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Hunting Show Touted As ‘Largest In Midwest’ Flops At Tulsa Convention Center

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Thousands of dollars were spent and thousands of people were expected, but that wasn't the case at the Tulsa Convention Center. Thousands of dollars were spent and thousands of people were expected, but that wasn't the case at the Tulsa Convention Center.
Though it wasn't a total loss, Lowery says one in ten consumers bought a hunt. Though it wasn't a total loss, Lowery says one in ten consumers bought a hunt.
Some of the vendors, like White Peaks Ranch out of Utah, say the excitement to hit the Oklahoma market turned sour. And they say they feel scammed. Some of the vendors, like White Peaks Ranch out of Utah, say the excitement to hit the Oklahoma market turned sour. And they say they feel scammed.

Tara Vreeland, News On 6

TULSA, Oklahoma -- A trade show touted as the "largest hunting and outdoor exhibition in the Midwest," turned out to be everything but.

Thousands of dollars were spent and thousands of people were expected, but that wasn't the case at the Tulsa Convention Center.

The organizer says some of the biggest names in hunting outfitters and fishing lodges were on hand at the Tulsa convention Center.

It was supposed to be the best yet.

They took aim at an attendance of 20,000, but really missed the target - only about 500 showed.

The Global Sporting Expo had all the elements. The brand new Tulsa Convention Center, booths and vendors from 19 countries and the lure of deep discounts on hunts and fishing trips.

"We had a great show, everything looked great… The public just didn't show up," said Tyler Lowery, Global Sporting Expos.

The Arkansas based company says it spent more than $50,000 in advertising alone.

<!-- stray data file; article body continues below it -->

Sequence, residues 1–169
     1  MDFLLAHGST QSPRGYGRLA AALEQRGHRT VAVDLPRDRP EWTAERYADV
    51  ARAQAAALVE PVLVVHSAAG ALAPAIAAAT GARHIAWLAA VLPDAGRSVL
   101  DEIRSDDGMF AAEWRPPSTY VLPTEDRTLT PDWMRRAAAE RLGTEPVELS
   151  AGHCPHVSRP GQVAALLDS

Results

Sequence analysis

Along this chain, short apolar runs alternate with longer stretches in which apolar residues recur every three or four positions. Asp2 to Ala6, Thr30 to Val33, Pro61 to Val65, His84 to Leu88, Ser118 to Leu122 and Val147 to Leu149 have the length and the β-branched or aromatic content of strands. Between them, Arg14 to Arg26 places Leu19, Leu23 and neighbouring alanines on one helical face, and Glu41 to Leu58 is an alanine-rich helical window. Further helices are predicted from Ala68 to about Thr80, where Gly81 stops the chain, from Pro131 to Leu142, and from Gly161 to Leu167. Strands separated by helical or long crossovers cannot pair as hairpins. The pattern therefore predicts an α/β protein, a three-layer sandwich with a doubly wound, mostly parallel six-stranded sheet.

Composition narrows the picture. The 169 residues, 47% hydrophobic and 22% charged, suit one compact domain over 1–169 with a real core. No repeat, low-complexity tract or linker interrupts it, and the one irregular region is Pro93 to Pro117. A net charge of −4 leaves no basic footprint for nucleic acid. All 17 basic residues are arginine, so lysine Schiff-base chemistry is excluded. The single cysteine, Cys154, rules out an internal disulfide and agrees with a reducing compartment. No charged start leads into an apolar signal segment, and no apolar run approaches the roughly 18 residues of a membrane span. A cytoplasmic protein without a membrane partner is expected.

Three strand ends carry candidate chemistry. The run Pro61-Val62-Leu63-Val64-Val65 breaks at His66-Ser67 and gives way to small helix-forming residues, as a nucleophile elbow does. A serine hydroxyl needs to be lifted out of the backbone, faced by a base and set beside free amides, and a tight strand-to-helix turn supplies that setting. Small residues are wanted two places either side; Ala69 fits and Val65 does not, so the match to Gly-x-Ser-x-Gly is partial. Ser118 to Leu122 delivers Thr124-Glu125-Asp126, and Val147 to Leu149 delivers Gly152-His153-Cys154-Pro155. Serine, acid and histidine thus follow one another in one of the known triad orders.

"In hindsight, we probably should have put the money into billboards after speaking with other producers that do shows in that market like the Tulsa gun show and the Tulsa boat shows," Lowry said.

Lowery says they expected to profit $100,000 and another $30,000 for charities, but instead, they lost $120,000.

Some of the vendors, like White Peaks Ranch out of Utah, say the excitement to hit the Oklahoma market turned sour. And they say they feel scammed.

"If it was a scam, we wouldn't be here. We wouldn't have spent the money to get the venue. We wouldn't have spent the money to get the booths set up. Insurance for the event. I wouldn't have stood at the venue all three days if it was a scam," Lowery said.

Though it wasn't a total loss, Lowery says one in ten consumers bought a hunt.

"If we had the numbers that were projected to have, and paid for in advertising it would have been one of the most successful shows in the country," he said.

But the touted "best" experienced the "worst" due to the no-shows.

Lowrey says they counted on the Tulsa market to be a launch pad for other hunting trade shows. But after this weekend's flop, they say they have to step back and reevaluate.

They do not have any other shows planned for this year.

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